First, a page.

You wouldn't think decade-old graphics could look this good, let alone that a decade-old fighting game could hold up this well. Darkstalkers Chronicle: The Chaos Tower is an amalgam of Capcom's other 2D fighting game series, the one that's clearly derivative of Street Fighter but features a much more imaginative and in many ways more likable cast of characters. It's essentially a pixel-perfect port of the arcade Darkstalkers games, and it adds Wi-Fi multiplayer support and some bonus extras into the mix, to good effect. Those who'll most appreciate this game will long for a six-button joystick configuration as they wrestle with the PSP's serviceable but somewhat substandard control scheme (substandard for six-button fighting games, anyway), though they'll relish having the Darkstalkers series and its great cast of characters available on the go. Put it like this: Darkstalkers Chronicle is probably the best portable fighting game ever made. After all, it's the first portable fighting game that meets and even exceeds the quality of its arcade ancestors.
Capcom's lesser-known but most imaginative fighting game series makes for an excellent PSP launch title.
Since the original Darkstalkers game was basically a wild offshoot of Street Fighter II, the game follows the same blueprint that most every fighting game since Street Fighter II has followed. You choose from one of a variety of different characters and take on opponents one at a time, attempting to beat them into submission using a variety of standing, crouching, and jumping attacks, as well as different special moves. Since the characters come in all shapes and sizes, expect to see plenty of completely crazy moves. The six-button layout means each character has a large variety of punches and kicks (or the equivalent), and, together with Darkstalkers' chain combo system and the characters' generally high degree of mobility, gameplay becomes a real test of tactics, wits, and reflexes. Alternatively, it can be pretty fun to mindlessly mash away on the buttons, watching whatever happens as a result. This is frankly the easiest option, as the PSP's button layout and D pad can make it difficult to pull off some of the fairly complex, multibutton commands necessary to execute some of the more sophisticated moves and combos. Still, with practice, you should be able to regain those rusty, old arcade skills.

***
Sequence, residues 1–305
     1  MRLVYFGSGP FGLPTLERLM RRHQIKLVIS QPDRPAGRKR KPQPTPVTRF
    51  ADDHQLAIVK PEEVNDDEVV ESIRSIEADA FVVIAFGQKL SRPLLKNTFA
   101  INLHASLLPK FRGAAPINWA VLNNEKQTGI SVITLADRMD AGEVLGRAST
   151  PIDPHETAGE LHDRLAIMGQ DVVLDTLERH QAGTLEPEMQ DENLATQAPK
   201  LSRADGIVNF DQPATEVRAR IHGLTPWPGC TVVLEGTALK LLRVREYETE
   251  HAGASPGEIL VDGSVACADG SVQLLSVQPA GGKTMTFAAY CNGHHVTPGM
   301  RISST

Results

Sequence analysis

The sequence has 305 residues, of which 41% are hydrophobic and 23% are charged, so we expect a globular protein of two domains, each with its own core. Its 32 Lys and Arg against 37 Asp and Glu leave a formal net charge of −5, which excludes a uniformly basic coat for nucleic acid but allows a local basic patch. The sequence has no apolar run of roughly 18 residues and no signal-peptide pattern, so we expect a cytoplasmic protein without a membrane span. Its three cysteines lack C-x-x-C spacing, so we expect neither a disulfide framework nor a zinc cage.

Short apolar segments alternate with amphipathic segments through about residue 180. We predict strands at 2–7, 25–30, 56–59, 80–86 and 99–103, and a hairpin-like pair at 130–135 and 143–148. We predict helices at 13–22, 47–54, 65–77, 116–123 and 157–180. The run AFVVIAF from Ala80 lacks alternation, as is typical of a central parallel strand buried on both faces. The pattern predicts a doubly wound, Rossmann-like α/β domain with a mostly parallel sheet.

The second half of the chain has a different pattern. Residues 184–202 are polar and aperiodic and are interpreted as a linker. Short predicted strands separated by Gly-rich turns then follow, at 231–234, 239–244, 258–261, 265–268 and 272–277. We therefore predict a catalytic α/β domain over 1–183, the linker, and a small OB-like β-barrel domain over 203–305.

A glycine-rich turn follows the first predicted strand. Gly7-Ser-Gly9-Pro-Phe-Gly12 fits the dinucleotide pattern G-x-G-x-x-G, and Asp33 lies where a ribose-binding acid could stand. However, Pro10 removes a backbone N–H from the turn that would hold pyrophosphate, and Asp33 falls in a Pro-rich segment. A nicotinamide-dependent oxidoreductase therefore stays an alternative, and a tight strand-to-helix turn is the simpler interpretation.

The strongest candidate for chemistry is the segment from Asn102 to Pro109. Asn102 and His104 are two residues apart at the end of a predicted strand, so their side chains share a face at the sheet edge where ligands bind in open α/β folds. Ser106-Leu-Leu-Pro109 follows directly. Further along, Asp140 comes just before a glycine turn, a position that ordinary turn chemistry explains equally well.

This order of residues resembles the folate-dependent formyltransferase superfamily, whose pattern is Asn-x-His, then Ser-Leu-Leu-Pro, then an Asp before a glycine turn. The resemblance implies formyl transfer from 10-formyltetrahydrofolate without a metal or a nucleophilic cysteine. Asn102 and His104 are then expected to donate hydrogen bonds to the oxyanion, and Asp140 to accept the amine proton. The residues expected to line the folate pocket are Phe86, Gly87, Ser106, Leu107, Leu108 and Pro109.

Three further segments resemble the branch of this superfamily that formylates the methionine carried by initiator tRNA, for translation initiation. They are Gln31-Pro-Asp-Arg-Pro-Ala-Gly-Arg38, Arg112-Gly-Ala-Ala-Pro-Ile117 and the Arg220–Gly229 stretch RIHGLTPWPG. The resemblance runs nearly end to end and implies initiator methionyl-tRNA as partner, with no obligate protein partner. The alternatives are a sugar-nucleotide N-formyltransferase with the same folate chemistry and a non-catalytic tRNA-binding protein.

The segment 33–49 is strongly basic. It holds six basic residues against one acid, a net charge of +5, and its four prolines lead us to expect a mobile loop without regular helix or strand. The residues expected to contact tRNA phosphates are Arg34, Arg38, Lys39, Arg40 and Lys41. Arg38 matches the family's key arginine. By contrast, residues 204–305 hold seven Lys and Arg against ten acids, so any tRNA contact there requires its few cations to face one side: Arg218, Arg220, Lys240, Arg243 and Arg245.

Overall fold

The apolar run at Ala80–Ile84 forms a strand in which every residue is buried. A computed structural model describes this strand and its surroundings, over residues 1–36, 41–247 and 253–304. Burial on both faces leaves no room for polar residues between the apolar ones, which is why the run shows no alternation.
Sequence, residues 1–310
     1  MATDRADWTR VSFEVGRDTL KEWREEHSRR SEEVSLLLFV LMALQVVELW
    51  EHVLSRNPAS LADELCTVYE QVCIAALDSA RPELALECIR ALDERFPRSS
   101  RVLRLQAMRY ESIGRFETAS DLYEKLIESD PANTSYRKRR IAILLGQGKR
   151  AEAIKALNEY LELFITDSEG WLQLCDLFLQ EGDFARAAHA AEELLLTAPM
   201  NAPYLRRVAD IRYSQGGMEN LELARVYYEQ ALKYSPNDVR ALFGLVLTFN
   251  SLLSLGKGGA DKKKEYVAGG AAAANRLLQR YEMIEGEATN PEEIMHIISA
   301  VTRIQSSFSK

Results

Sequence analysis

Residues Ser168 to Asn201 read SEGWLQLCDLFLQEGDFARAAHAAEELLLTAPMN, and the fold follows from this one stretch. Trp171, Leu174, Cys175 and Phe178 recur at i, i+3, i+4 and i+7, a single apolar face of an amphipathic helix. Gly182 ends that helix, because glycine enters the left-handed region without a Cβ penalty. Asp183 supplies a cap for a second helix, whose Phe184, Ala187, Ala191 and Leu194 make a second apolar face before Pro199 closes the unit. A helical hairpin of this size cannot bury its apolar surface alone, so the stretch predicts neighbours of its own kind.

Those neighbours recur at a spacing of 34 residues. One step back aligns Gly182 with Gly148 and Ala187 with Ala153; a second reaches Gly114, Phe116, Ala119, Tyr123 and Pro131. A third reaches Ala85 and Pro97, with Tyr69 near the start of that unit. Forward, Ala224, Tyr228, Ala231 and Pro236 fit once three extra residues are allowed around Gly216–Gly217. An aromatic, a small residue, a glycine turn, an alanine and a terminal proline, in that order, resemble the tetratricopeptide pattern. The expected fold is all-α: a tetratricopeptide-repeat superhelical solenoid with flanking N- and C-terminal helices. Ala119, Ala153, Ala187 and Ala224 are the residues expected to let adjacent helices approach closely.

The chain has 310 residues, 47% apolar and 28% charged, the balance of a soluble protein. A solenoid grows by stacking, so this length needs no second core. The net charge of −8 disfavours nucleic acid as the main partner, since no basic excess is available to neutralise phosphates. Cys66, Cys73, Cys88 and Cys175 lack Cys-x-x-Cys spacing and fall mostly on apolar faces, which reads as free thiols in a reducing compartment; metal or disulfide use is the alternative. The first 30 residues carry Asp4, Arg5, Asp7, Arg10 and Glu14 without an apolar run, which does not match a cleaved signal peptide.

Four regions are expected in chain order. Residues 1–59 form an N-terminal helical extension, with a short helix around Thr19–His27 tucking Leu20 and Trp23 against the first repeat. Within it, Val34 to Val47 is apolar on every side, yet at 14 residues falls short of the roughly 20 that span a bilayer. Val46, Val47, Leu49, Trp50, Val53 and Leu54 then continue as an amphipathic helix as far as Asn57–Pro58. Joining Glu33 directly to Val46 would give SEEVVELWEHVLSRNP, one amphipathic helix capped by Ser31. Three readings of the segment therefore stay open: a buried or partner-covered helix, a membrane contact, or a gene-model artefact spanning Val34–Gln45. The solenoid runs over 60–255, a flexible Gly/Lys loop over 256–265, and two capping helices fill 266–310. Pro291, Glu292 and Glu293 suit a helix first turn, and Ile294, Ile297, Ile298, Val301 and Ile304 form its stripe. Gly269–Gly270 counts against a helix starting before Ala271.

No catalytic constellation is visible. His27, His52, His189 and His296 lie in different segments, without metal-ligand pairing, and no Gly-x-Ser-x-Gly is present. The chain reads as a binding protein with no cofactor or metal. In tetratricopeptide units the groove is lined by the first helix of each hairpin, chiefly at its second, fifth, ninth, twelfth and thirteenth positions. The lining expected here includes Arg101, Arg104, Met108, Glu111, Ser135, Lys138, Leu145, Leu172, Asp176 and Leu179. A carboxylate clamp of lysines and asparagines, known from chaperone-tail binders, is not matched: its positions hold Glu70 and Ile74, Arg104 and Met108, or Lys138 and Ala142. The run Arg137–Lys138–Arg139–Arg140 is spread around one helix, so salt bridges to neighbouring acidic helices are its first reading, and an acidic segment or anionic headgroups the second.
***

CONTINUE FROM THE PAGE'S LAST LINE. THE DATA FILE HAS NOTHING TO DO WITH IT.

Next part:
Darkstalkers Chronicle is based on an old Dreamcast title, which in turn combined the original Darkstalkers game as well as its sequels--games that added new characters, updated the characters' storylines, and tweaked the rules of play. So it includes the entire series' cast of nearly 20 characters, ranging from original favorites--like the vampire Demitri, the succubus Morrigan, and the kung fu werewolf Jon Talbain--to relatively newer contenders--like Chinese ghost Hsien-Ko, the unassuming Baby Bonnie Hood (think Little Red Riding Hood gone postal), and the arrogant demon Jedah. This is a classic fighting game cast that hits all the bases of monster movie pop culture, while at the same time featuring a distinct, unmistakably anime-inspired sense of style. The characters are both beautifully animated and practically bursting with personality with their every move. Multiple win poses, unique and perfectly suited voices, memorable musical themes, and plenty of clever, surprising-looking attacks make the Darkstalkers cast a highlight within the fighting game genre, as well as within the ranks of developer Capcom's pantheon of video game characters. Seeing the Darkstalkers gang in all its full-colored, fully animated glory on the PSP's bright, beautiful screen is going to make this game worthwhile to any longtime fighting game fan.
Though the one-on-one fighting mechanics are at the heart of all the modes in Darkstalkers Chronicle, the game boasts an impressive amount of variety in terms of character selection and modes of play. Probably the most significant of these options is the choice between original arcade-style controls and an "easy" control scheme better suited to beginners or those otherwise unable to work around the PSP's inability to perfectly mimic an arcade cabinet setup. The normal controls require you to input moves using the same quarter-circle and multibutton patterns that work in the arcades. The easy controls simplify things down to taps on the D pad, along with simultaneous button presses. Since the gameplay moves quickly, even if you don't pick one of the "turbo" speed settings, the "easy" control scheme turns out to be a welcomed inclusion. So even if you're well acquainted with this style of gaming, you might just gravitate toward the simplified controls.